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Migrants still lacking access to justice: ILO

A truck packed with Cambodian migrant workers arrives at the Poipet border after they were deported by Thai authorities last month.
A truck packed with Cambodian migrant workers arrives at the Poipet border after they were deported by Thai authorities last month. Sahiba Chawdhary

Migrants still lacking access to justice: ILO

Cambodians who leave the country for work overseas still often lack effective access to the country’s justice system when they have problems with recruitment agencies, despite some recent improvements, a new report from the International Labour Organization says.

Despite the creation of a complaints process that has managed to resolve the largest number of complaints in Cambodia – about 500 in the 18-month period ending in May 2015 – the report says that migrant workers are continuing to suffer from exploitative practices from recruiters and have limited access to legal redress.

“In countries of origin, only blatant violations of migrants’ rights are typically rectified, such as collecting recruitment and documentation fees for nonexistent jobs,” the report says. “Other forms of abuse that are known to be widespread, including overcharging migrant workers on recruitment fees and misrepresenting the terms of employment, continue to go unchallenged.”

In Cambodia, in particular, it says, there is often a gap between compensation sought and compensation received when issues arise and are prosecuted, as well as an “insufficient capacity” at offices handling complaints and a “lack of resources at diplomatic missions”.

A representative figure in the report shows the most frequently received complaints in Cambodia. ILO
A representative figure in the report shows the most frequently received complaints in Cambodia. ILO

It says most complaints in Cambodia concern delays in deployments to jobs, or the job not materialising at all, passports not being given to workers, disputes over compensation, missing persons (some of which relate to disappearances in the Thai fishing industry and Malay domestic work sector) and nonpayment or underpayment of wages.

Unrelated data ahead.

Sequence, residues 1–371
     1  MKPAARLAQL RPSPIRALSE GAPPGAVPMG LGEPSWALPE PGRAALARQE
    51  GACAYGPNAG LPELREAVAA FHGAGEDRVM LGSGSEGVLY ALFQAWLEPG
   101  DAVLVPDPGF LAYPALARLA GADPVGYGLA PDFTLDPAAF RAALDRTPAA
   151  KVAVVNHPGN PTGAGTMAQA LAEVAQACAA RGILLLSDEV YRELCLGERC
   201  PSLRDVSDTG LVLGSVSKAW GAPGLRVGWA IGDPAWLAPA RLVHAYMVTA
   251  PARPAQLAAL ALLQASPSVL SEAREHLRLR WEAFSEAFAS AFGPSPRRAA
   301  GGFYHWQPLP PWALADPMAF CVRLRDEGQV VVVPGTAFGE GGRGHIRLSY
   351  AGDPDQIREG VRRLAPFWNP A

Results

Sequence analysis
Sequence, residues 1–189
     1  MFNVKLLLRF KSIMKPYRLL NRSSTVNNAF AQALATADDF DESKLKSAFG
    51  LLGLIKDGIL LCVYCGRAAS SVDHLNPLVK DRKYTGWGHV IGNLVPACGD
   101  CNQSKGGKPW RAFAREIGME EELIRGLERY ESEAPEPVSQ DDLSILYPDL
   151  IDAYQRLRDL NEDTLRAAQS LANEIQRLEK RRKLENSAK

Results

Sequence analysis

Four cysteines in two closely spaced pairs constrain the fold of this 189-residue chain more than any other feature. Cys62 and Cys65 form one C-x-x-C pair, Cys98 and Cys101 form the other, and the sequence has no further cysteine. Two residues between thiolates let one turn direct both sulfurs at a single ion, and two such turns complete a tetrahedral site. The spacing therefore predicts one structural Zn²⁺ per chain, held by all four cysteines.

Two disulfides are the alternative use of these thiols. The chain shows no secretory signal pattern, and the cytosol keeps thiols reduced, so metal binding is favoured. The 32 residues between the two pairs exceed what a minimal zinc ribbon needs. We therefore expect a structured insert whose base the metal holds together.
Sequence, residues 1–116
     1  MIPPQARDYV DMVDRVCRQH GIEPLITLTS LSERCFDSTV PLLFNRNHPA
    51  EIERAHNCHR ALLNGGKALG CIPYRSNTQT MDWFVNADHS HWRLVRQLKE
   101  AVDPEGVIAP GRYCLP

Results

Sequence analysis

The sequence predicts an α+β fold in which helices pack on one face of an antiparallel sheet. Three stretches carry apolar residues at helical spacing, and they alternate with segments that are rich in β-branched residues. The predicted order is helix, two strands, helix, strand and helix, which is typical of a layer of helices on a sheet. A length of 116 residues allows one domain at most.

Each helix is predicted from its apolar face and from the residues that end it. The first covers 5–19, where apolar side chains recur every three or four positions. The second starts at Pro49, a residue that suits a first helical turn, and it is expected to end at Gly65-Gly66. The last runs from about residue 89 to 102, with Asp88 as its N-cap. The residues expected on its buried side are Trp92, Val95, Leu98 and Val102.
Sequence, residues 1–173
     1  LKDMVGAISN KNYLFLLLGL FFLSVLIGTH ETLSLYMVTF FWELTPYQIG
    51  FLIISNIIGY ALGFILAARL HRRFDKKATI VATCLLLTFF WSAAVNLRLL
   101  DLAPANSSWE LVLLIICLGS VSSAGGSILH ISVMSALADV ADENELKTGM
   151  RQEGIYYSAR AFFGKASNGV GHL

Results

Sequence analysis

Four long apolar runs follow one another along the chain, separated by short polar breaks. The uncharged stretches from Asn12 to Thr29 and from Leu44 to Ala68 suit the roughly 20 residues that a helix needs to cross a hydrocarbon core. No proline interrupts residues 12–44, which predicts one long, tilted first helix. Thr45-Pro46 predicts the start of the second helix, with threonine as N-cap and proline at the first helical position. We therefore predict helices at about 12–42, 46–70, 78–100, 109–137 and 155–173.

Mom Sokchar, programme manager at Legal Support for Children and Women, said that a lack of knowledge concerning the mechanisms and the small number of offices dealing with complaints often prevented migrant workers from filing complaints in the first place.

Another major concern, he said, was the lack of assistance abroad.

“In some countries there are thousands of migrant workers. The embassy does not have enough staff to work on the cases,” Sokchar said.

Kao Poeun, project coordinator of Informal Democratic Economy Association, said yesterday that the Cambodian Embassy in Malaysia had proved unhelpful in many cases when migrant workers had reached out to seek help.

“Sometimes we complained . . . but the embassy just says they have too few staff,” Poeun said. “Sometimes there is simply no response when we contact them via phone, WhatsApp, email.”

“If workers run to the embassy, there’s a response. But if it’s in relation to a rights complaint, I have not seen any response yet.”

Migrant workers wait at Poipet’s international border checkpoint in 2014 before crossing into Thailand
Migrant workers wait at Poipet’s international border checkpoint in 2014 before crossing into Thailand. Hong Menea

Veth Vorn, ILO national project coordinator for Cambodia, said cases of mistreatment of migrant workers could be reduced if criminal charges were imposed on recruiters who breached the law, instead of only administrative sanctions and compensations for workers.

Spokespeople for the ministries of labour and foreign affairs could not be reached yesterday.

However, the Foreign Affairs Ministry said in a press release last week that claims that Cambodia’s foreign embassies had failed to assist migrant workers had “no ground to stand on”.

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